Street smart: faster approach towards litter in urban areas by highly neophobic corvids and less fearful birds
This is the author accepted manuscript. The final version is available from Elsevier Masson via the DOI in this record.
The extent to which animals respond fearfully to novel stimuli may critically influence their ability to survive alongside humans. However, it is unclear whether the fear of novel objects, object neophobia, consistently varies in response to human disturbance. Where variation has been documented, it is unclear whether this variation is due to a change in fear towards specific novel stimuli, or whether it is symptomatic of a general change in fear behaviour. We measured levels of object neophobia in free-flying birds across urban and rural habitats, comparing corvids, a family known for being behaviourally flexible and innovative, with other urban-adapting bird species. Neophobic responses were measured in the presence of different types of objects that varied in their novelty, and were compared to behaviour during a baited control. Corvids were more neophobic than noncorvid species towards all object types, but their hesitancy abated after conspecifics approached in experimental conditions in which objects resembled items they may have experienced previously. Both sets of species were faster to approach objects made from human litter in urban than rural areas, potentially reflecting a category-specific reduction in fear based on experience. These results highlight species similarities in behavioural responses to human-dominated environments despite large differences in baseline neophobia.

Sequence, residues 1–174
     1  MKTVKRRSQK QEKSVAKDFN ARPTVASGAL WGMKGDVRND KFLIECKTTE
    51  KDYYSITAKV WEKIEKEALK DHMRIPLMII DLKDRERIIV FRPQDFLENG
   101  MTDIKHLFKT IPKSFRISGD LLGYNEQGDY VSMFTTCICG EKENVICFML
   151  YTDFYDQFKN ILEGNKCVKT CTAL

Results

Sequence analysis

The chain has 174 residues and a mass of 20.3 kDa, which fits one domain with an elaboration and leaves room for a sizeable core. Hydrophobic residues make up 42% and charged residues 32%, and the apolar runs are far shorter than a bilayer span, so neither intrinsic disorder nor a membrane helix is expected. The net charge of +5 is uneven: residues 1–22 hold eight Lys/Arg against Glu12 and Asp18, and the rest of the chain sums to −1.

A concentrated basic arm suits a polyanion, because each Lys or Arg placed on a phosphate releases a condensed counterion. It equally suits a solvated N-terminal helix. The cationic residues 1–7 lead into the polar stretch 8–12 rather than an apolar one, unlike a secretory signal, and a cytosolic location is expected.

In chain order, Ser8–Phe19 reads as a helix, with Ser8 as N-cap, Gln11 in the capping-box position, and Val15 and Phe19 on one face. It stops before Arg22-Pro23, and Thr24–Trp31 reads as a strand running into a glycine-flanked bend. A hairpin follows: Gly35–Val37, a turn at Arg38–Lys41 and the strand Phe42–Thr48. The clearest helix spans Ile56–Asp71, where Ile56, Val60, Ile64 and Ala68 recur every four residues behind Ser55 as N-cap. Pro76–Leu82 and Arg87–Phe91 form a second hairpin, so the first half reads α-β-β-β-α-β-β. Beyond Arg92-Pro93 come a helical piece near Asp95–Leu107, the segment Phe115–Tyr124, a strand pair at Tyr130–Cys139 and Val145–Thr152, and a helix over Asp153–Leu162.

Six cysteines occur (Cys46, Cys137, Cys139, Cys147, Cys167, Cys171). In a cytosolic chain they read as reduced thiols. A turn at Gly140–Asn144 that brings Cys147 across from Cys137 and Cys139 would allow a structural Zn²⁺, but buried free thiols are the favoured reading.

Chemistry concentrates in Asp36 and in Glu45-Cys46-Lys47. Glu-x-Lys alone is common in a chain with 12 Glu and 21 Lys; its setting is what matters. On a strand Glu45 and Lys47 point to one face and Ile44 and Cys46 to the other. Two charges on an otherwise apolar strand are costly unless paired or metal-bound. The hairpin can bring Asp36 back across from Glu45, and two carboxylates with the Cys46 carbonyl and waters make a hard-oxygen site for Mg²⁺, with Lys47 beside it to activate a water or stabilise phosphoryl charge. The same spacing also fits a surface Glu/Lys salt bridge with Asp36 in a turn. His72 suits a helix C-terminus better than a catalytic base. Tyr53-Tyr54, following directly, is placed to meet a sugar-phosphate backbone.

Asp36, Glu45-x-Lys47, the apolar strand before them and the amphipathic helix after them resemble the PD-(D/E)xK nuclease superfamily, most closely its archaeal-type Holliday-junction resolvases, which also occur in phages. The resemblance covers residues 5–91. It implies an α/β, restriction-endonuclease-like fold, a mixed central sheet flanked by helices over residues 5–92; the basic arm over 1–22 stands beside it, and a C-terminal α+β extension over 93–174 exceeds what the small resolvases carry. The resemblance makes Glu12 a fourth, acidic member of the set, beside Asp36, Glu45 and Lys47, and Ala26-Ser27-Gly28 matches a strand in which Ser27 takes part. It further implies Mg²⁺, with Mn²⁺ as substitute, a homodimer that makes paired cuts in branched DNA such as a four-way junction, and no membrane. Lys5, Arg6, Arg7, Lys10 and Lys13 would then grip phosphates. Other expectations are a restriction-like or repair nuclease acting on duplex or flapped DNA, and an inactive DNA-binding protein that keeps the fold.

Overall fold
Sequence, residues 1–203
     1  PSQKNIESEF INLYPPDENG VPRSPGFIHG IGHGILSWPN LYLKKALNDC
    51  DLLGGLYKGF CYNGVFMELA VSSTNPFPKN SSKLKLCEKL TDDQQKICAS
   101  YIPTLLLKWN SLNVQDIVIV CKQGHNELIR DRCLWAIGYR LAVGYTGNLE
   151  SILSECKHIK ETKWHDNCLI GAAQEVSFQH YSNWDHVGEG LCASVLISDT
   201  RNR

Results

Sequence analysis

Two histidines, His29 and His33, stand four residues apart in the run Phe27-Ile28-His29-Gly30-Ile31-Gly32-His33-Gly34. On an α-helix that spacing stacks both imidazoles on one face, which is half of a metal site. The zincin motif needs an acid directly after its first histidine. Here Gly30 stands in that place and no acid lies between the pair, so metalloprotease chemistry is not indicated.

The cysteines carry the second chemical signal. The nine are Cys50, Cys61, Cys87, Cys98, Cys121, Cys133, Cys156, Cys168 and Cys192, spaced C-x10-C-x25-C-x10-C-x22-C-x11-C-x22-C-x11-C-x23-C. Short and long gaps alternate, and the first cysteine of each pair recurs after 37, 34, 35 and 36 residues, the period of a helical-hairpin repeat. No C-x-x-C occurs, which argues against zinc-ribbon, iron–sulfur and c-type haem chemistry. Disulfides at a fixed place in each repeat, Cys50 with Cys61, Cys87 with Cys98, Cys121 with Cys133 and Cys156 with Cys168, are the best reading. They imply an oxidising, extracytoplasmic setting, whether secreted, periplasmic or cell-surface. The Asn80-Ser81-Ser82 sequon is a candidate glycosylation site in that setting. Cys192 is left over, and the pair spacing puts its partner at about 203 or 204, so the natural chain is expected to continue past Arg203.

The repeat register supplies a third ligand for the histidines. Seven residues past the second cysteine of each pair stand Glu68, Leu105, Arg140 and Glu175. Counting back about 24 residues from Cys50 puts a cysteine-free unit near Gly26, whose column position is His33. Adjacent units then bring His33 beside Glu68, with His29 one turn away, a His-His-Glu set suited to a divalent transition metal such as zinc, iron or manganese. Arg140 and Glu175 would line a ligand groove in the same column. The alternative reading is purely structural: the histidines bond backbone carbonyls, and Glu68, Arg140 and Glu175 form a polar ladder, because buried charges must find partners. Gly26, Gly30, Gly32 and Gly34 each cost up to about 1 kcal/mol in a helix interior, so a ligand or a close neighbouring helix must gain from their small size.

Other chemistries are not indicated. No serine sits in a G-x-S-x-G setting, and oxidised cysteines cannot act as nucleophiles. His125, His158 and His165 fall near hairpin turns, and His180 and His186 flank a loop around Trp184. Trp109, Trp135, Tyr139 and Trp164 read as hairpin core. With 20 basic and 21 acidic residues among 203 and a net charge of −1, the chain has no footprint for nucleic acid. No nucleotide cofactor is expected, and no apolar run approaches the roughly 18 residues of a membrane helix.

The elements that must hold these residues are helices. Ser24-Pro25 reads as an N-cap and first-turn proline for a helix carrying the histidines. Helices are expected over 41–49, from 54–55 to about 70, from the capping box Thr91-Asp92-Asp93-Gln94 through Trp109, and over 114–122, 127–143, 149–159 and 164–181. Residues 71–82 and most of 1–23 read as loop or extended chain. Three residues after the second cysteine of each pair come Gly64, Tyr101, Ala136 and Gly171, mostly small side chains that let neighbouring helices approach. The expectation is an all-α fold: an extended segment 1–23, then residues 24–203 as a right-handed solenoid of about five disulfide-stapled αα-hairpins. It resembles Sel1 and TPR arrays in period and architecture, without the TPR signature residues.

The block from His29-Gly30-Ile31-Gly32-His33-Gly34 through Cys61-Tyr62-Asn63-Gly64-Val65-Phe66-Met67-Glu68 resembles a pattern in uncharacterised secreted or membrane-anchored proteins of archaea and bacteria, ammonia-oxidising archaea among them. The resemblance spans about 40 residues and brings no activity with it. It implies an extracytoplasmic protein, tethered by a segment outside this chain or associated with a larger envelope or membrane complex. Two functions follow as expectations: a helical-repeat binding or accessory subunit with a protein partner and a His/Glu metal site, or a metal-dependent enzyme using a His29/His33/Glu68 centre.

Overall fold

We owe a big thank you to Christopher Smith for his help in coding videos, and to Guill McIvor for his tireless ringing efforts and field support. We are very grateful to Paul Gluyas and the entire staff at Pencoose farm, to Stithians Parish Council and to David Fisher, Julian Evans and Shona Jack for allowing us to put up feeding tables on their land and in their gardens. Finally, we thank Sinéad English for advice on statistics and Laura Kelly for help with the spectral analyses. A.G. received generous support from the Gates-Cambridge Trust. A.T. was supported by a BBSRC David Phillips Fellowship (BB/H021817/1) and a grant from the British Ecological Society2769/3464.
This is an open access article.
Vol. 117, pp. 123 - 133